Beavers are found throughout all of North America except for the northern regions of Canada and the deserts of the southern United States and Mexico. (Frazier, 1996)
Beavers live in lodges, of which there are three types: those built on islands, those built on the banks of ponds, and those built on the shores of lakes. The island lodge consists of a central chamber, with its floor slightly above the water level, and with two entrances. One entrance opens up into the center of the hut floor, while the other is a more abrupt descent into the water. (Encarta, 2004)
The lodge, itself, is an oven-shaped house of sticks, grass, and moss, woven together and plastered with mud. Over the years, repair and elaboration leads to an increase in hut size. The room inside may measure 2.4 m (8 ft) wide and up to 1 m (3 ft) high. The floor is blanketed with bark, grass, and wood chips. (Encarta, 2004)
The pond lodge is built either a short way back from the edge of the bank, or partly hanging over it, with the front wall built up from the bottom of the pond. The lake lodge is built on the shelving shores of lakes. To ensure adequate water depth surrounding the lodge, beavers dam streams with logs, branches, mud, and stones. (Encarta, 2004; "Castor Canadensis", 2000)
Beavers are primarily aquatic animals, and the largest rodents in North America. They have a waterproof, rich, glossy, reddish brown or blackish brown coat. The underhairs are much finer than the outer, protective, guard-hairs. The ears are short, round, and dark brown in coloration. A beaver's hind legs are longer than its front legs, thus making the rear end to be higher than the front end while walking. ("Data: Species: Mammal: American Beaver- Castor canadiensis", 1998; Frazier, 1996; Hall and Kelson, 1959; Whitaker and Hamilton, 1998)
Beaver skulls and teeth are disproportionately large. This is crucial for cutting through hard woods like maple and oak. Most noteably, the upper incisors, bright orange in color, are at least 5 mm wide and 20-25 mm long. These teeth grow throughout the animal's lifetime and are a necessity to survival, just as the animal's closable nostrils, closable ears, and transparent eye membranes are for aquatic existence. (Hall and Kelson, 1959; Whitaker and Hamilton, 1998)
Also notable are the anal and castor glands, found in both male and female beavers. Both sets of glands lie at the base of the tail, which is possibly the most defining characteristic of the beaver. It is broad, flat, and covered in large blackish scales. The anal and castor glands have been recorded as large as 3.4 by 2.2 inches for the castors, and 3.0 by 1 inch for the anal glands. Secretions from these glands are used in scent-marking, and give the beaver its odd odor. (Frazier, 1996; Hall and Kelson, 1959; Whitaker and Hamilton, 1998)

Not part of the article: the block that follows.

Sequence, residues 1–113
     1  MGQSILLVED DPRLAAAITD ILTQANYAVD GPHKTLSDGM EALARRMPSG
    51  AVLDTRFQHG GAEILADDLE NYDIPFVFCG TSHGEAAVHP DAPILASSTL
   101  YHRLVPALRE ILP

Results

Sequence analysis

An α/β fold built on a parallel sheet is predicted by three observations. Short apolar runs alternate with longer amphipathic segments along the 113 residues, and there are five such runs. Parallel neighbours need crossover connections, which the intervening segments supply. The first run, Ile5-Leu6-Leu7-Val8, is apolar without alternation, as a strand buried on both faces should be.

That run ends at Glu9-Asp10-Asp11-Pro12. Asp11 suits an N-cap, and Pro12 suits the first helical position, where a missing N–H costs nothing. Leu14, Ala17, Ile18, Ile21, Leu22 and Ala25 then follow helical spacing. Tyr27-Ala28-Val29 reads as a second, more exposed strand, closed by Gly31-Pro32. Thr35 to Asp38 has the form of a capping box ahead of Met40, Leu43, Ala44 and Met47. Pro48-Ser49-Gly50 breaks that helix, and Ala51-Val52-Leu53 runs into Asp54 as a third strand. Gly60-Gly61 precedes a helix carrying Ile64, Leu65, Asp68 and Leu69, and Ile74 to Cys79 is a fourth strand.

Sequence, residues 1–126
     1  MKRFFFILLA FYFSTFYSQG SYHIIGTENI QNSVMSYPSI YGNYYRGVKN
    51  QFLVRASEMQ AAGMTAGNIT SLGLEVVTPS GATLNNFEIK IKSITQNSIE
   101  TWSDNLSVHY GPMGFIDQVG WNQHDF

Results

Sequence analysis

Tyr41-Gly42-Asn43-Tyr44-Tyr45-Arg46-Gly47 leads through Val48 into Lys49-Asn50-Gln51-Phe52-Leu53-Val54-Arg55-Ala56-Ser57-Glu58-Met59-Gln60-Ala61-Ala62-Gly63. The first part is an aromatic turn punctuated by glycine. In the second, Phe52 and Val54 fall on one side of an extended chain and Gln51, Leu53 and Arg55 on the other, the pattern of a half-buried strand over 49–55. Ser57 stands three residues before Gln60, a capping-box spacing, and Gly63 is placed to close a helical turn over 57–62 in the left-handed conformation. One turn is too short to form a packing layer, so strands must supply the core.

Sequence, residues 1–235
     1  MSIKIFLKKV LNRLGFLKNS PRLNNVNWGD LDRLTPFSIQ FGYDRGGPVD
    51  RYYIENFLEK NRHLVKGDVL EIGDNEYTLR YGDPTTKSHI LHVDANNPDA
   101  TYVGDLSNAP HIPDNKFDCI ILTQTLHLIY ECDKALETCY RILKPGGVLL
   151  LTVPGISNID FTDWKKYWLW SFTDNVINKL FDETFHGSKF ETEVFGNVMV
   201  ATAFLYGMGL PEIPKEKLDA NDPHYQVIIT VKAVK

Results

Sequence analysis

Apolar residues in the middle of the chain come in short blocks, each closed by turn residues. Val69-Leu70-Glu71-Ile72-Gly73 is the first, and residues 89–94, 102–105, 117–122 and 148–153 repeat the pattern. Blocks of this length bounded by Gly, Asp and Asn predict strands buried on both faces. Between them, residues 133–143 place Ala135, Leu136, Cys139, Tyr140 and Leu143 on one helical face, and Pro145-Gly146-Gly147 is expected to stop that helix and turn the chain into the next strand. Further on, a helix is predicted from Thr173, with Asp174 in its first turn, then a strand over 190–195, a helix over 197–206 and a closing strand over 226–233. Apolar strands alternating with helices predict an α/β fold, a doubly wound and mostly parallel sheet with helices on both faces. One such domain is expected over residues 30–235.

Beavers also have anal and castor glands, which they use to mark their territory. These glands are located beneath the tail. A beaver's tail is broad, flat, and covered with large black scales. (Frazier, 1996; Hall and Kelson, 1959; Whitaker and Hamilton, 1998)
Beavers are monogamous, but if one mate dies, the other will "remarry", or seek out a new mate. Beavers are driven away from their colonies usually around their second year of life, right before a new litter is born. They then make a colony of their own, usually several kilometers away, and they first breed around their third years of life, give or take a year depending on the quality of the environmtnt. ("Castor Canadensis", 2000)
Male and female beavers are sexually mature at about 3 years of age. They mate between January and March in cold climates, and in late November or December in the south. Beavers give birth to one litter of kits per year, usually between April and June. The gestation period is about 3 months, or 105-107 days. During this time, the young develop inside the female's body. When they are born they are fully furred,have open eyes, and can swim within 24 hours. After several days they are also able to dive out of the lodge with their parents to explore the surrounding area. (Frazier, 1996; Hall and Kelson, 1959)
Female beavers are sexually mature when they are about 3 years old. They give birth to one litter each year, usually between April and July. Baby beavers develop inside their mother for about 3 months. Baby beavers are called kits. When they are born they already have all of the fur and have their eyes open. (Frazier, 1996; Frazier, 1996; Hall and Kelson, 1959)
At birth kits are usually around 38 cm long including their tales. They tend to weigh from 250 to 600 grams and can be red, brown, or almost black. They remain in the lodge for a month, afterwards leaving for longer periods of time to swim and take in solid foods. Most beavers are weaned within two weeks, although it can take up to 90 days. The young usually stay with their parents for 2 years and then leave to make their own homes. (Frazier, 1996; Hall and Kelson, 1959; Whitaker and Hamilton, 1998)